Firearms History Consulting
I have spent the last fifteen years immersed in the study of firearms history, technology, and culture. I earned both bachelor’s and master’s degrees in American History from the University of Delaware, during which I studied firearms history and culture and instructed undergraduate students about military weaponry throughout history. Much of my work since then focuses heavily on material culture surrounding the macro-history of firearms and how their developments have affected industry, culture, and society for centuries. I have been fortunate to work in some of the largest collections in the United States, beginning my career as a researcher and fellow in the Smithsonian Institution’s National Firearms Collection housed in the National Museum of American History.
Additionally, I spent a decade working with and running the only accredited firearms museum in the United States, the CFM, a part of the Buffalo Bill Center of the West, which receives approximately 200,000 visitors annually. Of the 200,000 people, it is estimated, based on initial survey data for the renovation, that only 50% of those people admit to having a background or specified interest in firearms. During my tenure, I also served as Project Director of the museum’s full-scale multimillion-dollar renovation. With the aid of my team, I was responsible for all facets of the renovation including but not limited to concept, content, fundraising, and collections management. Final content for the museum was reviewed internally and by an external panel of experts, including academic historians, museum professionals, teachers, public educators, gun collectors, and people unfamiliar with firearms, as well as people with a range of different political views on guns. The resulting museum, which reopened July 2019, provides a more interpretive space to facilitate productive dialogue on firearms and their roles in history. Throughout this museum, terminology and definitions play a significant role in educating both visitors not familiar with firearms and those who consider themselves aficionados. Because roughly half of the museum’s audience is not familiar with firearms, we dedicated an entire gallery at the front of the museum to understanding the basics of firearms past and present, their features, ammunition, and safety. Since its opening, the museum has received favorable reviews from the Wall Street Journal and National Public Radio for its accessibility to diverse audiences and thoughtful handling of what can be a sensitive topic. It has also been praised for its efforts to educate on and impact firearms safety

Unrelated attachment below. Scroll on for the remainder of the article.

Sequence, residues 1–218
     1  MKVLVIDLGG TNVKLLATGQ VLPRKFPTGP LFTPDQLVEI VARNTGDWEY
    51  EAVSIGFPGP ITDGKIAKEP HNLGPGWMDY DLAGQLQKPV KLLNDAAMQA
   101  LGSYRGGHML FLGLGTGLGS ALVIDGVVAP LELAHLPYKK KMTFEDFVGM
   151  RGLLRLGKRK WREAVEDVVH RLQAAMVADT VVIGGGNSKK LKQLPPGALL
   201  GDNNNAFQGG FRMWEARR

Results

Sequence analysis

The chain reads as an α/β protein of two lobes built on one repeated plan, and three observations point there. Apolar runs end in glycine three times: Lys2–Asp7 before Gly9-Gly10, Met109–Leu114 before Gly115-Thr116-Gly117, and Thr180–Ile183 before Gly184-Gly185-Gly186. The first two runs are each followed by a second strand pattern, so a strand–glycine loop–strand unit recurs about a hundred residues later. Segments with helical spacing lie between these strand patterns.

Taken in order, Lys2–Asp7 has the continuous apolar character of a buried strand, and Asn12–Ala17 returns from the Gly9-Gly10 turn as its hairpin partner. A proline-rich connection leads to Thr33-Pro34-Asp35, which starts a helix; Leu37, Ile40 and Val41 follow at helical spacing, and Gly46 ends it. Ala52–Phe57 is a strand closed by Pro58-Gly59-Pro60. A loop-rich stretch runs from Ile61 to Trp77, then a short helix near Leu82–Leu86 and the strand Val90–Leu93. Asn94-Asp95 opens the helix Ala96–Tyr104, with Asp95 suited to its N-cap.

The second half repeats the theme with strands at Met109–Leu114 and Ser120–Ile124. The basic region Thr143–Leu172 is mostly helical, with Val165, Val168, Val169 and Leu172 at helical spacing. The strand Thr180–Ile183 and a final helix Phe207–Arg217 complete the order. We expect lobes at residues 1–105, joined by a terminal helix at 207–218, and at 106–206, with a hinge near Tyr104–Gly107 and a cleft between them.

During my time at the CFM and through my consulting business, I have become nationally known and sought after to provide a material culture perspective on firearms history that is often lacking in much of modern, academic, and legislative discussions on firearms. I guide museums as well other non- and for-profit organizations and government entities on the interpretation and understanding of that history. I have served as an expert witness on product liability, trade dress, criminal, and civil cases relating to firearms and ammunition. In May 2021, I testified in front of the Senate Judiciary Subcommittee on the Constitution’s Hearing regarding “Ghost Guns. Because I have worked in several national collections that have upwards of 10,000 firearms each – collections that range from the earliest through most recent technology – I have developed a broad understanding of how firearms have evolved. Additionally, I have had the rare opportunity to work with, see, study and handle many of the firearms referenced in this declaration.
In addition to my historical scholarship, I also have played a role in public education around firearms. I have been responsible for the education of tens of thousands of students from elementary through college levels, teaching not only firearms safety and basics, but the historical and technical evolution of the firearm. In 2017, I developed the first full-scale symposium in the United States dedicated to the study of firearms as material culture, which reoccurs annually. These symposia were organized to bring together firearms scholars from around the world to discuss their collections but also to create metrics to analyze the quality of scholarship that already has been done in the field. The study of firearms is a complicated one, especially since much of the information about the objects themselves have traditionally been conducted by well-known firearms researchers and collectors. However, not all those people fall under traditional definitions of academic scholarship. On the other side, because of limitations in the study of firearms, academic research often has flaws in terms of a general understanding of the firearms themselves. We have worked to lessen that gap to create more balanced scholarship. To continue that mission, I sit on the Editorial Board for the recently revived, peer-reviewed arms journal, Armax, and I recently co-founded the University of Wyoming College of Law’s Firearms Research Center in 2022. Despite its location in the College of Law, this new center intends to encourage research of all types related to arms and ammunition.
Currently as a museum consultant, I am in the process of building several museums with heavy emphasis on firearms collections. I also conduct workshops on firearms, survey collections, and curate exhibitions at institutions such as the Houston Museum of Natural Science, CM Russell Museum & Complex, and the Mob Museum. I have served as a scholar and a panelist for the National Park Service and the Organization of American Historians on a forthcoming Coltsville National Historic Site. I am also an expert witness, freelance writer, guest lecturer, on-camera firearms historian, and television producer.